The “secret” to a positive parent-child bond has its roots in communication.
How you communicate can determine the quality of your relationship with your child. Done properly, it can lead to a positive and satisfying relationship.
However, harmful or destructive communication can poison your relationship with your child as it can make them feel small, insignificant and disempowered, leading to feelings of inadequacy and affecting future performance.
A very important concept to keep in mind is to “speak with” your child, not “speak at” them.
When you speak with them, they are likely to be active contributors to the conversation, versus speaking at them, where they contribute little or nothing to the conversation.
Just like adults, children need to be acknowledged and empowered too. Being able to contribute makes them feel useful and empowered because they are allowed to make choices.
Between the ages of seven and 12, children start to develop the ability for logical thinking and exhibit adult-like thought patterns, which includes the ability to see things with more depth and from different angles.
This is also the time when they begin to develop significant relationships with friends and peers.
While you are still important as a parent, your influence and authority starts to wane at this stage.
It is also at this point where your child’s self-esteem and self-confidence becomes more susceptible to how they believe those outside will perceive them.
It is a good time to encourage them to be better aware of their abilities and how they are responsible for them, by acknowledging them when they demonstrate any sign of success and accountability.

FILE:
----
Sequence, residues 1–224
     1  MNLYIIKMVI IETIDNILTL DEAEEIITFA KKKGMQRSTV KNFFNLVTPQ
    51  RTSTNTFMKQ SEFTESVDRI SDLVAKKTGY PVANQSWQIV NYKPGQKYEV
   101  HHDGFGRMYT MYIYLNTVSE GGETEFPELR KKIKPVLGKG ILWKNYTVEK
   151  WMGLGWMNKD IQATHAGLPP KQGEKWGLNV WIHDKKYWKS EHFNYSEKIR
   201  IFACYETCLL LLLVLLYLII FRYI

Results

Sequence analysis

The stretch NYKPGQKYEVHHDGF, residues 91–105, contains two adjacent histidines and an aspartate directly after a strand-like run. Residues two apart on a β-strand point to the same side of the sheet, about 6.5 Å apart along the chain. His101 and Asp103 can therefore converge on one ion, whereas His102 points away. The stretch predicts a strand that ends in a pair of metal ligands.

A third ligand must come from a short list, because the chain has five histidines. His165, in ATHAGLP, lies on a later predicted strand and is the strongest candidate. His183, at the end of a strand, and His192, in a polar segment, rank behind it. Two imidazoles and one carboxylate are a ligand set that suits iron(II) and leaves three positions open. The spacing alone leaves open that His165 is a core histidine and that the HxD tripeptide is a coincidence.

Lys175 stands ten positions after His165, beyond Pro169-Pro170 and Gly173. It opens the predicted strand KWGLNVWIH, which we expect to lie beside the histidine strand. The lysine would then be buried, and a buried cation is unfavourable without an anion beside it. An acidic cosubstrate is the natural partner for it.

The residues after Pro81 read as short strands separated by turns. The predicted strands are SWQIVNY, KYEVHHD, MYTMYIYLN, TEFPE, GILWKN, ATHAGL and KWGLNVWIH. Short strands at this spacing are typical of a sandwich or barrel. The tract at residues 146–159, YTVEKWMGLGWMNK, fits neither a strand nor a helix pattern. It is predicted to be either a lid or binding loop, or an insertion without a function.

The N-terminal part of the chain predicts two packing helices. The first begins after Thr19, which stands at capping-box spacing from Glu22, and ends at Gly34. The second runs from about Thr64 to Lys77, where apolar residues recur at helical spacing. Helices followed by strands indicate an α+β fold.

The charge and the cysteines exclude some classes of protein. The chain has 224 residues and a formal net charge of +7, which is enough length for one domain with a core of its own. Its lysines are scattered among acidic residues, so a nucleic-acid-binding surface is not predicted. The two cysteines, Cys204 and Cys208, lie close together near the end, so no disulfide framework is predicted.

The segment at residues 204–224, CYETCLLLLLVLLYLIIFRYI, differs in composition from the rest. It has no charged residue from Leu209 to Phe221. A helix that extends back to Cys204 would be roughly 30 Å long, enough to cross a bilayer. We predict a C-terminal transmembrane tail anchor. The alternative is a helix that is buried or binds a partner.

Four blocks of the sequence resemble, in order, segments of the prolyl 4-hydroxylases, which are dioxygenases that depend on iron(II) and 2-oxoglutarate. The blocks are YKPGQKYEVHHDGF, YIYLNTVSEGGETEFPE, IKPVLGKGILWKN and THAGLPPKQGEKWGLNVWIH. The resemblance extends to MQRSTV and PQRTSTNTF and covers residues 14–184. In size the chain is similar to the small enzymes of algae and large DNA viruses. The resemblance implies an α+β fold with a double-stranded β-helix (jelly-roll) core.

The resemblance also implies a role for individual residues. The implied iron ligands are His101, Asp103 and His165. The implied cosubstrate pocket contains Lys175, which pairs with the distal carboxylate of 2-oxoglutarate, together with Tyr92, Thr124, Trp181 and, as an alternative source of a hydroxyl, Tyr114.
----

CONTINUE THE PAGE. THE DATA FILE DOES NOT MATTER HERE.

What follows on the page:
What to focus on
You can encourage and nurture your child’s communication skills using positive feedback. Some of the basics include:
• Setting aside time to talk
This can be, for example, when you take them for an outing, as you drive them to school or when doing the dishes together.
Be curious, show interest and pay close attention to what they are telling you and be prepared to spend a little longer conversing, especially if they have something to get off their chest.
• Being open and patient with emotions
Be free to identify and name their emotions, e.g. anger, frustration or excitement. This can help them be more aware of, and to learn to manage, their emotions.
Children look to adults to learn how to manage emotions. So it is very important to acknowledge emotions in your children, rather than to tell them to ignore or reject them.
We often encourage positive emotions, but reject negative ones. What they feel is natural, so acknowledging their emotions helps to normalise them and allows them to feel accepted.
If you feel disappointed with them, you may express how you feel and talk about how you can address it together with them, but avoid blaming them for feeling what they feel.
• Observe body language
Be aware of your own body language – be careful not to use contrasting body language when speaking with your child in order to avoid confusion.
Their body language should also give you an indication of their state of mind, so be observant during conversations.
Acknowledge how they might be feeling and ask if you are unsure.
Children can see if you are upset, so acknowledge your own feelings in front of them. Hiding them only affects mutual trust.
• Discussing concerns together
An objective of parenting is to guide children toward independent functioning.
So, if at any time they come to you with problems, instead of solving it for them right away, explore how they might take steps to find solutions.
Let them talk and listen first, then ask questions. A good one to ask is “What options have you considered?”.
It is entirely possible that they already know how to solve their problem, but simply lack the confidence that it is the right choice.
Where needed, you may model the next step or suggest a few options for them to think about and try.
It’s important to show that you will support them and accept their options, even if you feel their choice may not be the best.